A historical alliance between, Baja California Railroad Inc. (BJRR), and Pacific Imperial Railroad (PIR), with the endorsement of the Metropolitan Transit System (MTS) an agreement was settled to rehabilitate the Railroad track known as “Desert Line”, which will be able to connect the rail system of Tijuana-Tecate with the railing system on the East Coast of the United States, increasing the coverage of freight and logistics service.
The rehabilitation of the Desert Line is an opportunity for the maquiladora industry to optimize freight logistics costs, and to connect with the East and Central park of the United States, and from there to the rest of the world.
The Desert Line has a length of 70.06 miles that starts in Tecate and ends in Plaster City, consisting of 56 bridges that go from 9 feet to 650 feet tall, and 17 tunnels.
Rehabilitation work involving tunnels and bridges is expected to start this summer, ending approximately in 18 months.
BJRR President Fernando Beltran Rendon said: “This project allows the construction of a binational rail for freight efficiency, from raw material to finished products, that will resolve a lot of problems, this will generate an important economic benefit to the region in both countries.”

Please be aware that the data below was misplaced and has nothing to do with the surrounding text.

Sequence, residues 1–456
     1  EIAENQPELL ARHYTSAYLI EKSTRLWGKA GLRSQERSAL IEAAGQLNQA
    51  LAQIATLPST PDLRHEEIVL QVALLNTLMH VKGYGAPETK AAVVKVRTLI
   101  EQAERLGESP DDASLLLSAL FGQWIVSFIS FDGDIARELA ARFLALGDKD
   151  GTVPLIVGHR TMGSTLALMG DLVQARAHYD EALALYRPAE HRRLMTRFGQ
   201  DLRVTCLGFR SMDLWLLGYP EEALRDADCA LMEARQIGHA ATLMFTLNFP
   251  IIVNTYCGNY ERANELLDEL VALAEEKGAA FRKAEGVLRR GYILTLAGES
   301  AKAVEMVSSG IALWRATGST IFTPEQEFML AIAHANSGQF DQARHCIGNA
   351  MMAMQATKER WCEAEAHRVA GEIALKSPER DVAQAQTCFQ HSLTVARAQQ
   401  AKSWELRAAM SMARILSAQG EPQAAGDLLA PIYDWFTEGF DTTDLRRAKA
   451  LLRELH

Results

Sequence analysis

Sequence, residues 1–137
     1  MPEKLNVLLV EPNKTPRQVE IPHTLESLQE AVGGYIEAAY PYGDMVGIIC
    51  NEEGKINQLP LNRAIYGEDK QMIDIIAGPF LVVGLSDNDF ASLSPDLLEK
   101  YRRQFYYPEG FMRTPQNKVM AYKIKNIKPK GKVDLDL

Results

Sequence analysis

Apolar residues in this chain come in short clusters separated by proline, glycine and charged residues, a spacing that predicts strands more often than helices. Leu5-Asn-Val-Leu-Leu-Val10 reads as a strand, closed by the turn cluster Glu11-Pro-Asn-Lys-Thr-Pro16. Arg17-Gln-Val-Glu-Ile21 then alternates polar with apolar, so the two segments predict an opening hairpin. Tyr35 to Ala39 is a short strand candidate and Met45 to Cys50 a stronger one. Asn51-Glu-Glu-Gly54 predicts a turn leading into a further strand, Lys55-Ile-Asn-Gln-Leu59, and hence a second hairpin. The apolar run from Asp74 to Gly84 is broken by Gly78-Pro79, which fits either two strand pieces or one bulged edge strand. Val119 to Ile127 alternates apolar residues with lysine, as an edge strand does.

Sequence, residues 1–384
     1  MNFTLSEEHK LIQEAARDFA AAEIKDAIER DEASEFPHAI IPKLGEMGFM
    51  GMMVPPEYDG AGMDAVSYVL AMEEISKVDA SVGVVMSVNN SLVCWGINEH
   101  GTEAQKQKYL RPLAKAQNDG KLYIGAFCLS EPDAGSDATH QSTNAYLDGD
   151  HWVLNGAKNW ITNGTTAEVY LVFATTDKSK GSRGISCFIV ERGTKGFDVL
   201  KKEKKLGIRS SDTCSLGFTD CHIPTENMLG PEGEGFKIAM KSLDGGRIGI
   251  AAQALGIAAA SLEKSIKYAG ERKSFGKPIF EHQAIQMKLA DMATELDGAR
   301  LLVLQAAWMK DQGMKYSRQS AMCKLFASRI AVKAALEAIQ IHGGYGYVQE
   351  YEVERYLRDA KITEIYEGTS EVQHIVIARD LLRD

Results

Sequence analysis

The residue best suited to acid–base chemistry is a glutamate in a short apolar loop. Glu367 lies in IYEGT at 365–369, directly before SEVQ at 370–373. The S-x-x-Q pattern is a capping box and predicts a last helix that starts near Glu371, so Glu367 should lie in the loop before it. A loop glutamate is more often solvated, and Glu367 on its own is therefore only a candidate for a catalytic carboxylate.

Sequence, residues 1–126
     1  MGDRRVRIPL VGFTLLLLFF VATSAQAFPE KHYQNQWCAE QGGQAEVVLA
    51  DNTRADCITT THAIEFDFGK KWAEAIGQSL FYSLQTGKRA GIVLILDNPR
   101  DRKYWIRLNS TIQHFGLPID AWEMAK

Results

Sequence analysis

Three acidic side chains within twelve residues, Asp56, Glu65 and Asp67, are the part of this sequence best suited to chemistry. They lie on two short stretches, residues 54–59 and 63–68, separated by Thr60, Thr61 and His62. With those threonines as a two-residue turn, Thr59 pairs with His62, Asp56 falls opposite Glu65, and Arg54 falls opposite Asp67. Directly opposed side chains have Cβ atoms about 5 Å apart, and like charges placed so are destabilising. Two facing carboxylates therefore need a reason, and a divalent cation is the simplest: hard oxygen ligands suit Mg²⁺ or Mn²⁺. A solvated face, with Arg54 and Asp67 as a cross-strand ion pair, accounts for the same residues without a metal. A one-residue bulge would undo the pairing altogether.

In the agreement BJRR has the commitment of rehabilitating, conserving and operating from Tecate, Mexico/ Tecate Mile Post to Coyote Wells, while PIR will rehabilitate the rails from Coyote Wells to Plater City, connecting with one of the main railing systems in the United States.
Fernando Beltran Rendon said: “Currently, 6,200 trucks cross the border daily leaving a carbon footprint; with the commercial border delay, there is a loss of a 6 billion dollars, and this project comes to resolve that big part of the problem”.
To conclude, Fernando Beltran said: “This event is the result of a combine effort that demonstrates once more the importance of strengthening the binational relations of both countries.” He finished. “The Desert Line is a new shipment route that increases the freight capacities to offer better logistical opportunities, reducing the truck traffic in Mexico and the United States.”